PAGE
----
We take a look at all aspects of an iSUP/iSUP kit when evaluating how good of a deal it is. We also consider what price category it falls into and how it compares to other boards/kits in the same categories. The Atlas price rides the line between budget and mid-priced iSUP kits, but the construction and accessories fall into the budget category. At this price point we’d like to see some upgrades to the board accessories and a few more features (like more storage space) on the board itself. If you are limited in budget, but need the largest board you can get, the Aqua Marina Atlas does provide a decent value. As a general purpose all-around iSUP it may be a bit too big for most paddlers, though.
Overall Impressions/Review Summary
The Aqua Marina Atlas is an interesting board. Its large size lets it carry more cargo or passengers, but it isn’t necessarily equipped for longer trips. The Advanced construction does add some value over the Aqua Marina Monster, but I’m not sure if it’s really equivalent to the price difference. The Aqua Marina would be a good option for the casual lake or bay paddler who likes to take a passenger (2- or 4-legged) on short trips, or for the taller beginner paddlers who want the stability of the 12’ length and 34” width, but still need a maneuverable board. If future versions of the Atlas added a few fins, a handful of D-rings, and a couple of accessory upgrades, I could see it being a great budget option for SUP camping or fishing as well.
Aqua Marina Atlas SUP FAQ
Aqua Marina Atlas vs Monster
The Aqua Marina Atlas uses the DS Lite Advanced construction which adds a seam reinforcement strip, upgraded deck pad, and adds a raised kick pad on the tail. The Atlas is also 1” wider than the Monster. The Aqua Marina Atlas also includes the upgraded Liquid Air V2 hand pump. Because of the extra width, the Atlas will be more stable than the Monster and have a slightly higher weight capacity.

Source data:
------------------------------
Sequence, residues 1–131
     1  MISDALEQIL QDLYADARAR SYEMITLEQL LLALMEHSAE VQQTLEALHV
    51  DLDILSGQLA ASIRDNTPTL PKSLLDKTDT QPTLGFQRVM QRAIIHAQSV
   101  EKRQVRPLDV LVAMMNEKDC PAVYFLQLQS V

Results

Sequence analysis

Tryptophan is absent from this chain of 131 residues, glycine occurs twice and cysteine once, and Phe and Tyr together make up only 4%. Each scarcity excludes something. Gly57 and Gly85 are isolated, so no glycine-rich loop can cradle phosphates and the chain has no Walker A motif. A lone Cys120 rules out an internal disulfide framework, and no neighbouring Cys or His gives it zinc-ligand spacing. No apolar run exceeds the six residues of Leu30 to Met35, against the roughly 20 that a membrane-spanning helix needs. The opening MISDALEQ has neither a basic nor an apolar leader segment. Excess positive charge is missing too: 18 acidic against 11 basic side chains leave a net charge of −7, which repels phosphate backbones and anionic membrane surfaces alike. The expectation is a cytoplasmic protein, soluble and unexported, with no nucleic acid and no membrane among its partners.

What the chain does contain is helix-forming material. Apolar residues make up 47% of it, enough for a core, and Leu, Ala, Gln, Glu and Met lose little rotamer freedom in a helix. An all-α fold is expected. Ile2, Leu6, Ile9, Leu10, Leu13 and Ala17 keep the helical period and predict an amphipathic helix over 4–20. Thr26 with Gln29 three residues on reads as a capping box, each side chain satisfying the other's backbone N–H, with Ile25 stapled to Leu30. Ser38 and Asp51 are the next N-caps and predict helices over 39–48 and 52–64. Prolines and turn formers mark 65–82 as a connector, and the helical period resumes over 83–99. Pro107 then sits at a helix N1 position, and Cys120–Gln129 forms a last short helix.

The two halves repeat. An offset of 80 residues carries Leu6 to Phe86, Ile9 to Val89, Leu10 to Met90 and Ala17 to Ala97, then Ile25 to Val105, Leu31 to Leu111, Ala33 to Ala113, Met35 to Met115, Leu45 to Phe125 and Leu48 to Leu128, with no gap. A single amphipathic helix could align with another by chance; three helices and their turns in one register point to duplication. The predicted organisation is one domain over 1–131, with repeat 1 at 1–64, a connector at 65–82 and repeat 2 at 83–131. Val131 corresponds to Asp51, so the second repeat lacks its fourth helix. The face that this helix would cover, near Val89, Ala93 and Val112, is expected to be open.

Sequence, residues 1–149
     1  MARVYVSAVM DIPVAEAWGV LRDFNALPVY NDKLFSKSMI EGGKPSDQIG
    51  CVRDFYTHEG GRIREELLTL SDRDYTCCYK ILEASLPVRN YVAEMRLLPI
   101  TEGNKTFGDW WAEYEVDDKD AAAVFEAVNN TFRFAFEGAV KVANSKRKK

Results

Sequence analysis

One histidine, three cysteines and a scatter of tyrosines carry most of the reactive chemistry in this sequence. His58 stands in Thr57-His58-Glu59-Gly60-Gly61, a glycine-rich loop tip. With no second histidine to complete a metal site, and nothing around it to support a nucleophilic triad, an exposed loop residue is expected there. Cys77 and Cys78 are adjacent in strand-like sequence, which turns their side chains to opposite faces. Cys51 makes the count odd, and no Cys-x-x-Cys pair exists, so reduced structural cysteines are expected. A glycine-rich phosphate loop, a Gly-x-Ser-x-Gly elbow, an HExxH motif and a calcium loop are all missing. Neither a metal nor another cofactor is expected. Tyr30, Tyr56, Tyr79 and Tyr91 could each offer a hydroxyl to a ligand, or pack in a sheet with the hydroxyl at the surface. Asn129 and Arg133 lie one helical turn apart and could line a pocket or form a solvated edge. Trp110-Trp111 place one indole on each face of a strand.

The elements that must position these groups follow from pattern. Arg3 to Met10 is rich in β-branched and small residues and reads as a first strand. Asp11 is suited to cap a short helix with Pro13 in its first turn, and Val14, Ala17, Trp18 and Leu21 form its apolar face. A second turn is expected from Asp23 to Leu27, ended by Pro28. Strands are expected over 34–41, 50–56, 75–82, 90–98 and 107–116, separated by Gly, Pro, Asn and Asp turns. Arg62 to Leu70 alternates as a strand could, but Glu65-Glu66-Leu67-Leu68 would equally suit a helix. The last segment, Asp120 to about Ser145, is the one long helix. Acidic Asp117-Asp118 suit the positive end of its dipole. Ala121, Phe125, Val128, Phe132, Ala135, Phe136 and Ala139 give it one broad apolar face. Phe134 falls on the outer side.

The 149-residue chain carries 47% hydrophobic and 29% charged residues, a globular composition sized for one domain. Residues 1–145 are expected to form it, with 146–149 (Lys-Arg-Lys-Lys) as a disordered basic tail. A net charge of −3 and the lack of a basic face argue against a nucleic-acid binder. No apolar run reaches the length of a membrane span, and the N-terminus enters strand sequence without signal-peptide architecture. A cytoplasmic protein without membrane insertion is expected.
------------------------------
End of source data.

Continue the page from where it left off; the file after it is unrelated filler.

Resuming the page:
How long does it take to inflate the Aqua Marina Atlas?
With the included Liquid Air V2 hand pump, the Atlas takes 8-12 minutes to inflate depending on how fast you go.
How long will the Aqua Marina Atlas last?
iSUP longevity is as much about how you care for your iSUP as it is about the board’s construction. As a single-layer PVC iSUP, with care to avoid physical damage, over inflation, and/or excess UV exposure, the Aqua Marina Atlas will last for several years.
How do I clean and store the Aqua Marina Atlas?
The Aqua Marina Atlas should be cleaned and stored like most other iSUPs. Make sure to rinse with fresh water after use. Clean the board and deck pad using a biodegradable soap and soft-bristled brush as necessary. Make sure your board is fully dried before storing it. You can store the Atlas rolled in its bag or partially inflated. Keep it in a dry location out of direct sunlight. If the board is stored near or below freezing temperatures, allow it to fully come to room temperature before unrolling or rolling it up to avoid potential cracking of the PVC.